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When you shoot with a digital camera, it's inevitable that you will get some noise in your photographs. This is most likely to happen when you are shooting with a high ISO, or when there are lots of shadow areas in your photographs, or if you are shooting in dim light. So if I were to zoom into this image, selecting the Zoom tool and the Plus symbol, and then clicking several times. When I get in real close, you can see that there are tiny specks of color, representing color digital noise, as well as tiny specks of black and white, representing grayscale digital noise, and there are some square artifacts that are a result of compressing the image in the JPEG format.
I am going to use the Reduce Noise Filter to reduce all of those artifacts. I will take this image back to 100% by double-clicking the Zoom tool in the toolbox. Then I am going to go up to the Filter menu at the top of the screen, down to Noise, and I am going to choose Reduce Noise. That opens the Reduce Noise dialog box. I will move that over so I can see a preview of my image at 100% over here. Then I am going to zoom in on the nice big preview in the Reduce Noise dialog box by clicking several times on this Plus symbol at the bottom of the Preview window.
Then I will click and drag, panning over to another area of the image, around the seal's head. The way that this preview works is that when I click and hold with my mouse, I see the digital noise and the JPEG artifacts in the original image. When I release my mouse, the filter is applied with the default settings that you see over here. I am going to start by taking the Reduce Color Noise slider and dragging it all the way over to 0. I will do the same with the Strength slider. So now I have no settings over here.
Now I will take the Reduce Color Noise slider and I will drag it to the right, until I have eliminated the little specks of color. Now that doesn't mean there is no noise here, there still is noise represented by these gray pixels, but the color noise has been reduced. To reduce this gray noise, I will take the Strength slider and I will drag that to the right. I will take that to about 6. As I moved that slider, the Preserve Detail slider moved over to 60% in order to retain some sharpness in the image.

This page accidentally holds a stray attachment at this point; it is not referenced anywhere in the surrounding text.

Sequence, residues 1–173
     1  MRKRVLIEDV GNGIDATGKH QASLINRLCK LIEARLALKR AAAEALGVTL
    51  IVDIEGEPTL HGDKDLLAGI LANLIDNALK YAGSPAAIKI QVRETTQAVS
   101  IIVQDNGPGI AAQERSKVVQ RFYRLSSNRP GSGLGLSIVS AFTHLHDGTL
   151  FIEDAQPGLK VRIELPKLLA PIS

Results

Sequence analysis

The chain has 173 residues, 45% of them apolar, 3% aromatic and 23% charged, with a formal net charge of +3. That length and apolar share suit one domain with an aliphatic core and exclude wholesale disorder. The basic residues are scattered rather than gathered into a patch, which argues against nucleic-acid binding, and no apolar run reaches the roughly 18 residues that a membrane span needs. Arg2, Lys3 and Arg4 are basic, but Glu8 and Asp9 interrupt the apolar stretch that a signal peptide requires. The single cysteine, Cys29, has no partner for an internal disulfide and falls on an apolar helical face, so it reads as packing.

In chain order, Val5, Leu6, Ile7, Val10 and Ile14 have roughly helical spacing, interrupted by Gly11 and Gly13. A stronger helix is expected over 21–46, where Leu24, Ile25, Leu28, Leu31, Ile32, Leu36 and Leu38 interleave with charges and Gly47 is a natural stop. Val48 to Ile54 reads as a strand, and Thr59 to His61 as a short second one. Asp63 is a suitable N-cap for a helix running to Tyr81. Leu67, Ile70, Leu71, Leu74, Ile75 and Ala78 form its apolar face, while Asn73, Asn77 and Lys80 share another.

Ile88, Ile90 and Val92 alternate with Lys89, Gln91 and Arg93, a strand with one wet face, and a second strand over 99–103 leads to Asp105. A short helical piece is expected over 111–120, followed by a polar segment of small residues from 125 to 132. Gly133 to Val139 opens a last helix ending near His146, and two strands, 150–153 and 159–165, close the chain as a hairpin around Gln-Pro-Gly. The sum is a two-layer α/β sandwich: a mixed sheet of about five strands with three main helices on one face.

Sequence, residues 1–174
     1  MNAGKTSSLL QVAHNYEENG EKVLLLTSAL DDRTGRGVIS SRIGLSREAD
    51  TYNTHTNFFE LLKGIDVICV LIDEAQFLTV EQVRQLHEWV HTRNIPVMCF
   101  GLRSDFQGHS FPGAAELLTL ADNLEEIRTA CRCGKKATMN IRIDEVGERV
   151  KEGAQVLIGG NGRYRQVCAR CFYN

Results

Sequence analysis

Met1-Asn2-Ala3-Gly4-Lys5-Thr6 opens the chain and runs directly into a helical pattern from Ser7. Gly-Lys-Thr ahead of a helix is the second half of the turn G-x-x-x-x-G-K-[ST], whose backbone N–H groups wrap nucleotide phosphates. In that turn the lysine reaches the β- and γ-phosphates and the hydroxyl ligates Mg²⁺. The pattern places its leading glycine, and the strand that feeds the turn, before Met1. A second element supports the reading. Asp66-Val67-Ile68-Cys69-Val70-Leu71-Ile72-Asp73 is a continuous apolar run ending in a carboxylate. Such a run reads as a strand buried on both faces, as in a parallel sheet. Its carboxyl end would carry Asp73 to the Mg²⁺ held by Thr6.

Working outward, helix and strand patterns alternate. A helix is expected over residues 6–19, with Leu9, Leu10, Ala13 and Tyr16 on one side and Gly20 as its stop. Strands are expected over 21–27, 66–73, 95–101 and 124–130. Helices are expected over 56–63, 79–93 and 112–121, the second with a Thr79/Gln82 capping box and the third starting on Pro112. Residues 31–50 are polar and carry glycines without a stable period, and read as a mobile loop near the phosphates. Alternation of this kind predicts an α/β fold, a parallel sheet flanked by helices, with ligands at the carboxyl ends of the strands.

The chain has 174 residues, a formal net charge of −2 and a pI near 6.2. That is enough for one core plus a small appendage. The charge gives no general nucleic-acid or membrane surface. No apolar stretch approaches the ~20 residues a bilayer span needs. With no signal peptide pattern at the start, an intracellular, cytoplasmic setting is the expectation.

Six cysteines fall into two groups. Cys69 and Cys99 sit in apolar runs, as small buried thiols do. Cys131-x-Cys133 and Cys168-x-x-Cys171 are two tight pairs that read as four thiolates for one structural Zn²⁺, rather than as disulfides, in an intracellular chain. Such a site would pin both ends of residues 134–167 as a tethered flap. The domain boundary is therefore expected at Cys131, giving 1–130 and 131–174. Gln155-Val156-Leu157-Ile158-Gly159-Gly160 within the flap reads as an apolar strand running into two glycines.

I am going to drag the Preserve Detail slider over to the left to try to reduce a bit more of the noise. Now, I don't want to go too far, because I don't want the image to look too blurry. But I can always check this 100% preview over here to make sure that it's still to my liking. Finally, I will check Remove JPEG Artifact, and that will help to eliminate some of the square artifacts caused by JPEG compression. When I am done, I will take the Preview back to 100%, by clicking the Minus symbol down here.
And then I will do a Before and After by unchecking Preview. That's how the image was and that's how it is now with noise reduction. Now that's a really subtle difference, but I think it's one that counts. So I am going to click OK to accept those changes, and here is the result. If I thought there should be more noise reduction, I can always go back up to the Filter menu, and notice that the last filter that I have applied is now here at the top of the Filter menu. So I could select that again, and that would basically double the amount of noise reduction.
But I think that makes the image too blurry, so I am going to Undo, by pressing Command+Z on my keyboard, and I am going to go with the result like this. At this point I would save and then close the image. So when you are shooting either in dim light, or with a high ISO in your camera, or you are shooting a scene that has lots of shadow areas, be sure to visit the Noise Reduction Filter to smooth out the color digital noise, the black and white digital noise, and to reduce JPEG artifacts.
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